As a superintendent in public education, I believe educators and administrators need to take an active role responding to accepted cultural behaviors such as bullying. More than ever, children are entering and existing inside and outside of our American schools under duress. I define duress as those students who are victims of social, emotional, physical, verbal, and cyber bullying, including intimidation, hazing, humiliation, harassment, discrimination, social exclusion, bias, revenge and bystander effect. As a school leader, I view these accepted behaviors as unacceptable, acknowledging it is imperative that they are addressed at school. Our children can learn a new way to interact with each other. The school can serve as place that embraces a culture of affirmation, not fear and destruction. As educators, we have a job to do. Our job is to eliminate bullying entirely by creating a generation of individuals who do not accept this antisocial behavior. State legislators and Departments of Education recognize the implications of bullying and mandate bullying policies. Teachers need the resources, research, curricula and pedagogy to effectively respond as “front line” interventionists to reshape student behaviors, beliefs and attitudes.
In order to affect this change, trusting relationships need to be formed between teachers and students. Additionally, school systems must adopt resources such as character and citizenship curricula, bullying programs, and use teaching tools such as movies to strengthen the understanding of the inferences of bullying, and identify replacement behaviors. To all, movies are a familiar medium that create comfort and relatability, yet they have the power to reshape one’s thinking.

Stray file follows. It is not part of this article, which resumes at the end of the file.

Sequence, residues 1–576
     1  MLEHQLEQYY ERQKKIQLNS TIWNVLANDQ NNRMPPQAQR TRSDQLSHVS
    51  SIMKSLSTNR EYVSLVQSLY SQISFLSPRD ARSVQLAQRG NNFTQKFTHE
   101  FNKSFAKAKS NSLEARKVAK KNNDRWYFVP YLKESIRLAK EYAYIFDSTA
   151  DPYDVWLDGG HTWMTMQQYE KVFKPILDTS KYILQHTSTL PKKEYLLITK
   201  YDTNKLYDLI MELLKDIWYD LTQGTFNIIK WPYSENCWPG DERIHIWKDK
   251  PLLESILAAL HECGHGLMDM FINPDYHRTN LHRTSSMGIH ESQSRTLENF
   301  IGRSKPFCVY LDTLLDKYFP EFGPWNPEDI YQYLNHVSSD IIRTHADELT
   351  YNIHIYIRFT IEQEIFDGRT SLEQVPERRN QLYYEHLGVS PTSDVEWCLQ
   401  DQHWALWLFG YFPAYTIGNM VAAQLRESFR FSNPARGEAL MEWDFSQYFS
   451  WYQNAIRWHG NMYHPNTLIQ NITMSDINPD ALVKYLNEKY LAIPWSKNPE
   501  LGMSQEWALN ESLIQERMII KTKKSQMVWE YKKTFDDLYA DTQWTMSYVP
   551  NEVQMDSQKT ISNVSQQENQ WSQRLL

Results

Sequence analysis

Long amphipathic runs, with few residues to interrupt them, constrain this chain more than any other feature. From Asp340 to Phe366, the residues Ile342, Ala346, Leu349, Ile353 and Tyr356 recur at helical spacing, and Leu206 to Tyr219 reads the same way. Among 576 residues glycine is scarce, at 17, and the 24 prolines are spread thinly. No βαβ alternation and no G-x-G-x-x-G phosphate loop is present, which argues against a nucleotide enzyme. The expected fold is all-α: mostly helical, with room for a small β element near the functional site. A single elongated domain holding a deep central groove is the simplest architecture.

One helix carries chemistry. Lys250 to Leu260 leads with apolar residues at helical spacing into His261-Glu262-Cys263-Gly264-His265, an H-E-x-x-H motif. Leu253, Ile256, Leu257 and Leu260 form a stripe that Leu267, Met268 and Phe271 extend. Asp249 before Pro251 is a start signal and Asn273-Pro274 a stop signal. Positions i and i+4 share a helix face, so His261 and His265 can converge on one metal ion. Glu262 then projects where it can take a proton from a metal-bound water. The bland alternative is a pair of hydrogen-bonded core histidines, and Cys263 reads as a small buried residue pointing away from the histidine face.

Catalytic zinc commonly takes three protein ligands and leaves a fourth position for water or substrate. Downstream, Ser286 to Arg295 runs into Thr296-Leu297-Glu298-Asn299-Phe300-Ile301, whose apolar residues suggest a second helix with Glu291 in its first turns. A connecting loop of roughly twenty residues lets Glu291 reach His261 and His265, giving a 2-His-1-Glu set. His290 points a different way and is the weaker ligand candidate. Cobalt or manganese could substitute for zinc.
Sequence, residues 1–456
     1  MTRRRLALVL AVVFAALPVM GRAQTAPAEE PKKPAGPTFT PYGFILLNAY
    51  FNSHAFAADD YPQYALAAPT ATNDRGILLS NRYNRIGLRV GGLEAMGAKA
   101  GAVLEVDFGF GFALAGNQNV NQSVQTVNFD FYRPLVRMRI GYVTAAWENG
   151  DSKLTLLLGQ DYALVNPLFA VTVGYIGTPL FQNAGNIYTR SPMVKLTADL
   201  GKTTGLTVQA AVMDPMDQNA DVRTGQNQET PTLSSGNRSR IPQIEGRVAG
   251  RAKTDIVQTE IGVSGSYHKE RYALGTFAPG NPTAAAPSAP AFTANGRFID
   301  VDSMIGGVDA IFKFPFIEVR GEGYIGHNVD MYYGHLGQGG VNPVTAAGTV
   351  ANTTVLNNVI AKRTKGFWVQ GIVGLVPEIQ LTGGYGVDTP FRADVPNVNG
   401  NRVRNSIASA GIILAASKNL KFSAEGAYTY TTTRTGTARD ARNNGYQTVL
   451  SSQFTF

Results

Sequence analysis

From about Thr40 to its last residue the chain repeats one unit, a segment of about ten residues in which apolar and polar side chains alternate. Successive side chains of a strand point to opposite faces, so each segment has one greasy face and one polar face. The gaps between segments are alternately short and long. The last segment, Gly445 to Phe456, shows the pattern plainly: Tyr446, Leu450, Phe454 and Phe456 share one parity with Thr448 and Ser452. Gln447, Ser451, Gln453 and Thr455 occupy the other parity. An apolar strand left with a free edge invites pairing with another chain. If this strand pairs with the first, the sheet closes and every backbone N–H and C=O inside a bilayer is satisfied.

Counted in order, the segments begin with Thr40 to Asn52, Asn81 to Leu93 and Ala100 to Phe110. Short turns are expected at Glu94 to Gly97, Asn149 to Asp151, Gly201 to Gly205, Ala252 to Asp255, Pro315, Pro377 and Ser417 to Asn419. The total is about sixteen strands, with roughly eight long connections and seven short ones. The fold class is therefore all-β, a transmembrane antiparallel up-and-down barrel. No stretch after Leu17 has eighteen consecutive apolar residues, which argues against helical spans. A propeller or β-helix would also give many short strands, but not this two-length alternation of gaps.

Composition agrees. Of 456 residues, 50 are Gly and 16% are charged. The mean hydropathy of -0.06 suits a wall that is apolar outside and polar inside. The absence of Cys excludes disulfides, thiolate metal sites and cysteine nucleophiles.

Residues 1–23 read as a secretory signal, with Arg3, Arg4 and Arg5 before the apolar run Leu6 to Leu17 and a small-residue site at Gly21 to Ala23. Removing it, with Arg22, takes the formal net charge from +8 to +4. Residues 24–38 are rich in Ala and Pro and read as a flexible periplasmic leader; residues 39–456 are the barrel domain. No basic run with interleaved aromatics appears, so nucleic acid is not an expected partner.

This most recent work of Dr. Brian Johnson and his colleague, Dr. James Vines, could play a significant role in helping our schools and teachers to understand the power of film to address bullying. The authors note that film increases student engagement, complements instruction, and promotes interaction and higher order thinking skills. Specifically, as a member of our school community and well respected faith based leader, it is known that Dr. Johnson and Dr. Vines understand bullying and bullying archetypes. He recognizes that on a daily basis our children face being bullied because of race, sexual orientation, gender identity, and religious preferences. As experts and well-known figures in our community, Dr. Johnson and Dr. Vines passionately advocate for the elimination of bullying. In this book, Reel Big Bullies: Teaching to the Problem both authors present the reader with resources, research, curriculum guides and teaching strategies, all aligned to bullying behaviors within popular movies. I highly recommend this read to all educators. We have a social responsibility to address undesirable bullying behaviors exhibited by our students, within our schools and classrooms. This book can help us meet that goal.
Cathy S. Keegan Superintendent of Milton (PA) Area School District January 2018